Fourier transform spectroscopy around 3 μm with a broad difference frequency comb
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- Meek, S.A., Poisson, A., Guelachvili, G. et al. Appl. Phys. B (2014) 114: 573. doi:10.1007/s00340-013-5562-7
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We characterize a new mid-infrared frequency comb generator based on difference frequency generation around 3.1 μm. High power per comb mode (>10−7 W/mode) is obtained over a broad spectral span (>750 nm, >790 cm−1). The source is used for direct absorption spectroscopy with a Michelson-based Fourier transform interferometer.
Laser frequency combs  are opening up new opportunities for broad-spectral-bandwidth direct absorption spectroscopy. In recent times, a variety of novel techniques have demonstrated improved capabilities in terms of sensitivity, acquisition times, resolution and/or accuracy. Such promising experiments have been initially developed [2–5] in the near-infrared region, where ultrashort-pulse lasers are conveniently available. For spectroscopic applications, the mid-infrared spectral region (2–20 μm; 500–5,000 cm−1) is more appealing because most molecules have strong and characteristic fundamental rovibrational transitions that provide a “fingerprint” of the molecule. As the technology in this region is technically more demanding, considerable efforts have been undertaken in recent years to develop new frequency comb generators based on the lasers directly emitting in the mid-infrared , nonlinear frequency conversion either by difference frequency generation [7–10] or by optical parametric oscillation [11, 12], or Kerr nonlinearity in high-quality factor whispering-gallery mode microresonators pumped by a continuous-wave laser . Concurrently, a number of spectrometric techniques have been explored [14–16] to efficiently analyze the comb light. Mid-infrared frequency comb sources and their applications have been discussed in a recent review .
2 Experimental setup
The total idler output power (Fig. 3c) is measured with a thermal detector. It varies by only about 5 % over the course of 24 h. Although the idler output power and spectrum depend strongly on the optical delay, it was found unnecessary to actively stabilize this degree of freedom. The main source for long-term instabilities in the temporal overlap between the pump and signal pulses was identified during the first tests of the comb as arising from the ytterbium preamplifier and amplifier. A simple temperature stabilization of the housing of the ytterbium systems maintaining them at a few degrees above room temperature was found to satisfactorily solve this issue and lead to the results of Fig. 3c.
To quantify the magnitude of noise sources, relative intensity noise (RIN) measurements at each stage of the system are performed by monitoring (Fig. 3d) each intermediate output with a fast photodiode and using a signal analyzer to obtain a power spectral density of the RIN. The pump beam is the main source of RIN in the system, and we infer that the main source of RIN originates in the nonlinear fiber. The RIN is almost flat from 1 to 30 MHz with the values of −149 and −124 dBc/Hz for the signal and the pump, respectively. For the idler, the RIN depends strongly on the temporal overlap of the pulses; while the minimum value is around −119 dBc/Hz in this frequency range, the intensity noise can be as much as 30 dB higher. Therefore, we optimize the alignment of the system by simultaneously monitoring the spectrum and the intensity noise of the idler radiation. Interferometers, like Michelson or dual-comb spectrometers, however, allow for efficient amplitude noise cancellation when the two outputs of the interferometer are subtracted. This seems an important prerequisite for efficient spectroscopic measurement with this light source.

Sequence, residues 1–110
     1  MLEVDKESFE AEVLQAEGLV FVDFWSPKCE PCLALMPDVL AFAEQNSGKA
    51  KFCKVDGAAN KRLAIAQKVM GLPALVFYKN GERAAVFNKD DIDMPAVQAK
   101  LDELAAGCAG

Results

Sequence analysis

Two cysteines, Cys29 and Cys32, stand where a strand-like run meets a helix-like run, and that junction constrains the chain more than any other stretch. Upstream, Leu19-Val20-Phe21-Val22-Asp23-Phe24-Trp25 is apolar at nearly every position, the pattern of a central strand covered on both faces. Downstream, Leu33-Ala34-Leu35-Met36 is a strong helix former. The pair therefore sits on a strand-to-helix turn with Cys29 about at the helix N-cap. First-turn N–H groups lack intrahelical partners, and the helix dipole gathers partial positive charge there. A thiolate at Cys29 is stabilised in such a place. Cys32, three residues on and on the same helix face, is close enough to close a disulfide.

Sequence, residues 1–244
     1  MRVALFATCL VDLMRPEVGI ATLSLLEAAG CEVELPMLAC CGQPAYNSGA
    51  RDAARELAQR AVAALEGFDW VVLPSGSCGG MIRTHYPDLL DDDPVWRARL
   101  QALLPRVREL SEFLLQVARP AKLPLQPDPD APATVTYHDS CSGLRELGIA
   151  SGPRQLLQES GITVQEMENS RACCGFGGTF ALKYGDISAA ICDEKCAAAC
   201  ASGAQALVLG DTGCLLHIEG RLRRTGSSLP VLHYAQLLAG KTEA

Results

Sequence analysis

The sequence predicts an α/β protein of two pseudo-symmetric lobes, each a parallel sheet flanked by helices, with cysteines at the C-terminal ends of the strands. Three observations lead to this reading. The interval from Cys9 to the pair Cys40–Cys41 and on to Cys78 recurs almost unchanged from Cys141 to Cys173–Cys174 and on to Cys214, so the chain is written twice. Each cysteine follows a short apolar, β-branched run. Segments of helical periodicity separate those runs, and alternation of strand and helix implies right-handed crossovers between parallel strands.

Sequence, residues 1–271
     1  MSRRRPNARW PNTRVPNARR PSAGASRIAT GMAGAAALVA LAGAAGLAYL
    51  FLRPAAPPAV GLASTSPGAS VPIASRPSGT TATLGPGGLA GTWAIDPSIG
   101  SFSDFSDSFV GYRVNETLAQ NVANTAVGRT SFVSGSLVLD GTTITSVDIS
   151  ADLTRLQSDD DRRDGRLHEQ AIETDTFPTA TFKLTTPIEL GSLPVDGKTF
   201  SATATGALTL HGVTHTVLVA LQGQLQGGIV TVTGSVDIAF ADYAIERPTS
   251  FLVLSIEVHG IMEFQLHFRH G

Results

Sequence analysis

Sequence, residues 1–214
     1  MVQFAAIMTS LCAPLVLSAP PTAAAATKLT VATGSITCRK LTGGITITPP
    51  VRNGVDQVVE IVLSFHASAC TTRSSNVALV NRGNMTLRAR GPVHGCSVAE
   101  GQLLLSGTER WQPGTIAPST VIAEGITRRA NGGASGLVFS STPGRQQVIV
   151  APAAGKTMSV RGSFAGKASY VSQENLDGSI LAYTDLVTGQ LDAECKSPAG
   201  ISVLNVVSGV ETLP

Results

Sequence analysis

3 Spectroscopic measurements
This frequency comb generator has been developed with the goal of dual-comb spectroscopy. The coherence, the repetition frequency and the spectral span make this generator well suited for dual-comb spectroscopy of gas-phase samples in the 3-μm (3,300 cm−1) region. Excellent results have been reported  on dual-comb spectroscopy of methane in the 3.4 μm (2,950 cm−1) range, but the difference frequency generation sources had a spectrum spanning only 40 nm (35 cm−1) with a tunability of 170 nm (150 cm−1). We thus envision our frequency comb generator to expand the capabilities of such highly multiplex spectroscopy due to its 750 nm (790 cm−1) simultaneous spectral coverage. Cancellation of the carrier-envelope offset frequency is expected to significantly simplify experimental implementation, either with stabilized [3, 15] or with free-running [20, 21] setups.
Furthermore, on the basis of the recent demonstrations of nonlinear dual-comb spectroscopy [22–24] in the near-infrared region, the high power per comb mode makes it possible to envision mid-infrared nonlinear dual-comb spectroscopy, e.g., sum-frequency generation at surfaces or two-photon excitation of rovibrational molecular transitions.
The frequency comb source has been developed in collaboration with Menlo Systems GmbH within a Eurostars project. Research was conducted in the scope of the European Laboratory for Frequency Comb Spectroscopy. Support by the Max Planck Foundation and the Munich Center for Advanced Photonics is also acknowledged.